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Speed limits all over the place around the airport

By Sgt.Bungers 2 January 2011 45

An open letter to the ACT Government (also emailed directly to government and opposition transport ministers. Their responses will be posted here.)

Speed limits around the airport vary between 60km/h, 70km/h, 80km/h. Currently, speed limits can vary on the same stretch of for vehicles heading in different directions. Speed limits can be different for motorists travelling in the same direction along the same stretch of road, depending on how they’ve entered the road.

The ACT Government has the most speed cameras in the country per capita on our roads, we are more policed than any other people when it comes to the speed limit. We have just had the second worst road toll in a decade… we are still bombarded with “slow down” “obey the speed limit” “if only motorists would just get the message”.

Yet despite this high level of enforcement, and high level of education, the ACT Government appears to have absolutely no quality assurance process when it comes to the final and perhaps most important stage of setting a speed limit… putting up speed limit signs.

The included map is a rough guide I’ve put together showing the speed limits around the airport as currently signposted. As you can see, in three locations, the speed limit is different for different directions of motor vehicle traffic on the same road. In all three of those locations, the road is a two way, undivided road.

If a person driving a motor car mistakes the speed limit to be something other than signposted, they’ll receive a monitory penalty, be awarded demerit points, possibly lose their licence, their job, their home, receive a criminal record… then penalties can be severe.

When ACT government employees or contractors are careless when it comes to installing speed limit signs, or fails to verify a posted speed limit is consistent… what is their punishment, if any?
A government who is complacent when it comes to building and signposting roads, is going to encourage complacency among drivers.

Suggestions for ACT Gov:
• Immediately fix the signage around the airport so that speed limits are consistent and not changing up to 6 times in 4.5km (as is currently the case for westbound traffic travelling along Pialligo Ave)
• Audit your speed limit signage quality assurance process. How did this particular scenario happen and why?
• Investigate the viability of changing all speed limits on roads around the airport to 70km/h. Including:
o Majura road past Brand Depot.
o The top end of the Monaro Highway and Morshead Drive.
o The brief ~200m 80km/h zone at the south eastern end of the airport on Pialligo Ave.
o Fairburn Ave from ADFA to the War Memorial (most motorists appear to travel at 70km/h on this road, there are no driveways or access points along most of it.)

More consistent road safety and speed limit signage standards that are clearly thought out, are more likely to be respected and obeyed by an intelligent population.


What’s Your opinion?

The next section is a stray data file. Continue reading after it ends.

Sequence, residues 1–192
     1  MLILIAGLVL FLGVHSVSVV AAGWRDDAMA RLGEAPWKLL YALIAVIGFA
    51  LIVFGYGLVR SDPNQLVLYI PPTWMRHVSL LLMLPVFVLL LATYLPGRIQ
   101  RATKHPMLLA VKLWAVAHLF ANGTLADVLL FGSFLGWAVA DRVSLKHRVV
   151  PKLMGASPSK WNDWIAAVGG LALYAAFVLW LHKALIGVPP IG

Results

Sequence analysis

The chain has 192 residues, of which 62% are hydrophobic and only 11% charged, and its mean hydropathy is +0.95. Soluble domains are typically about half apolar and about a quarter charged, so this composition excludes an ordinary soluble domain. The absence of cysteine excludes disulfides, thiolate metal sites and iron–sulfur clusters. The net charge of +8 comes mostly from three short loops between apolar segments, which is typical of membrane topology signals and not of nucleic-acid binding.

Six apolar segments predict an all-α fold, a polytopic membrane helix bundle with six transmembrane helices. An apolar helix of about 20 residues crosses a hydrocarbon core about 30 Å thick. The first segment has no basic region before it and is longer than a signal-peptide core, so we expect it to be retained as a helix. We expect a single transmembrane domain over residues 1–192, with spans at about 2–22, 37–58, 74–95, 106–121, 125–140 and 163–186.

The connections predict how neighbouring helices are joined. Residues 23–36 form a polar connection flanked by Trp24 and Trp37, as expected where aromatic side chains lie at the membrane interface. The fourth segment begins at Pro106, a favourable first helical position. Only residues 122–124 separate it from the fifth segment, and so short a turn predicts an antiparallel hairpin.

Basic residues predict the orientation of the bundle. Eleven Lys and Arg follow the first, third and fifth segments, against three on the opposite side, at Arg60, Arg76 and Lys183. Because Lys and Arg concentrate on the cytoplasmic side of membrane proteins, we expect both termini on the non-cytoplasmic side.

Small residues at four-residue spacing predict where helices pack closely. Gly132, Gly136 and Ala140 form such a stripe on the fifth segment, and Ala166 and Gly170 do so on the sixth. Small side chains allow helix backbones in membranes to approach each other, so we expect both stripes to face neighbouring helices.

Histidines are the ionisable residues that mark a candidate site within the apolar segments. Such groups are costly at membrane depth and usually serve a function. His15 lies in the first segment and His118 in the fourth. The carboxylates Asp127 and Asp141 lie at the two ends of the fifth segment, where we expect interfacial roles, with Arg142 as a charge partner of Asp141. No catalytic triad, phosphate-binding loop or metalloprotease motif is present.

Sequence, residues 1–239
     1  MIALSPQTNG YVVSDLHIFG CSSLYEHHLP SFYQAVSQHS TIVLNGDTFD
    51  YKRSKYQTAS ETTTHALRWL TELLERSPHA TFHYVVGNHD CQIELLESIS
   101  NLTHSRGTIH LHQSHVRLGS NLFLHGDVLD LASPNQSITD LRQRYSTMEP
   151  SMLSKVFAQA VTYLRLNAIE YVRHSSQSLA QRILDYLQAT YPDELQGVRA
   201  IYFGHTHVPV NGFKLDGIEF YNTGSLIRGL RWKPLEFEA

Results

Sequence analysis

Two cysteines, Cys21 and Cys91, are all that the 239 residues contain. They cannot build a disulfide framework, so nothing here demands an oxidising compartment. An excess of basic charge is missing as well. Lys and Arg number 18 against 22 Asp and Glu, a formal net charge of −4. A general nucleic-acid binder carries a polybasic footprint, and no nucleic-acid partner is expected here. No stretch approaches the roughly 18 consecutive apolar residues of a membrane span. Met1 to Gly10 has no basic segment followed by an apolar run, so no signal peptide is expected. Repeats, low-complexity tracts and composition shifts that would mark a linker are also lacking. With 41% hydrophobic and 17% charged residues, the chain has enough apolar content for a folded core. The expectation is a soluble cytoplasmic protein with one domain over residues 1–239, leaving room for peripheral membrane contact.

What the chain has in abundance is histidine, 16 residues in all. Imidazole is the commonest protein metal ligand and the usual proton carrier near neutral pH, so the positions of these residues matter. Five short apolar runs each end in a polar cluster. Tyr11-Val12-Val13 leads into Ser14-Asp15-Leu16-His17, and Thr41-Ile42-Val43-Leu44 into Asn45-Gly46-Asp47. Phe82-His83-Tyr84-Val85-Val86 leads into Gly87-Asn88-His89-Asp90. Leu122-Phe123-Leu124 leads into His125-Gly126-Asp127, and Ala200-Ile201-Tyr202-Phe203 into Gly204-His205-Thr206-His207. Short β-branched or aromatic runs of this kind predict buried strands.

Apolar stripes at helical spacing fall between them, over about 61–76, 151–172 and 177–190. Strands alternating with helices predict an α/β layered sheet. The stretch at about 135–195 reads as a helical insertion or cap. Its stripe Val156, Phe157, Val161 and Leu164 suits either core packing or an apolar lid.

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45 Responses to
Speed limits all over the place around the airport
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Thoroughly Smashed 4:34 pm 06 Jan 11

@sepi, #12: Presumably you’re referring to the roundabout connecting Belconnen Way and Fairfax Street to Dryandra Street, since there are no roundabouts or 80 zones on Macarthur Ave. I wouldn’t have called a speed sign situated smack bang in the middle of an unvegetated median strip “tucked in”, so it’s difficult to find much sympathy for anyone missing it and getting fined. I haven’t observed many drivers observing the limit there until they have to brake for the roundabout though. Here‘s a photo of its shadow.

Jim Jones 11:39 am 05 Jan 11

“I sense that vg is living in some fantasy world where statisticians rule and whatever they say, no matter how ludicrous, is taken as gospel. Sounds like fundamentalists religious types have some competition now.”

So, you find that anecdotes to be a more reliable source of information than data?

You really are an freethinker, aren’t you? While the rest of us poor sods are hidebound by stuck-in-the-mud ideas about gathering data, examining evidence and respecting the opinions of acknowledged experts, you’re out there, making it all up for yourself and ignoring the inconvenient lack of correspondence with reality.

georgesgenitals 11:21 am 05 Jan 11

“There are lots of hints that you’ve put on this site over time that you used to be a police officer.”

Rubbish

—————-

Actually, I could quite easily post up some examples, if you’d like? If not, I’m happy to drop it.

georgesgenitals 10:41 am 05 Jan 11

…“There are lots of hints that you’ve put on this site over time that you used to be a police officer.”

Rubbish

“The number of drivers who get pinged for speeding is not an accurate indicator of whether the majority of drivers speed.”

Bollocks, it is the best indication

The first point has come up before.

Your second point is rubbish. Provide some evidence if you disagree.

troll-sniffer 9:59 am 05 Jan 11

“The number of drivers who get pinged for speeding is not an accurate indicator of whether the majority of drivers speed.”

Bollocks, it is the best indication

I sense that vg is living in some fantasy world where statisticians rule and whatever they say, no matter how ludicrous, is taken as gospel. Sounds like fundamentalists religious types have some competition now.

vg 8:32 am 05 Jan 11

“There are lots of hints that you’ve put on this site over time that you used to be a police officer.”

Rubbish

“The number of drivers who get pinged for speeding is not an accurate indicator of whether the majority of drivers speed.”

Bollocks, it is the best indication

“Secondly, where did you get your stats from?”
From someone who produces statistics.

There are many simple solutions to prevent tailgating. Don’t be scared homey

georgesgenitals 7:00 am 05 Jan 11

“What is all this talk about me and Police uniforms?”

There are lots of hints that you’ve put on this site over time that you used to be a police officer.

ppd 10:25 pm 04 Jan 11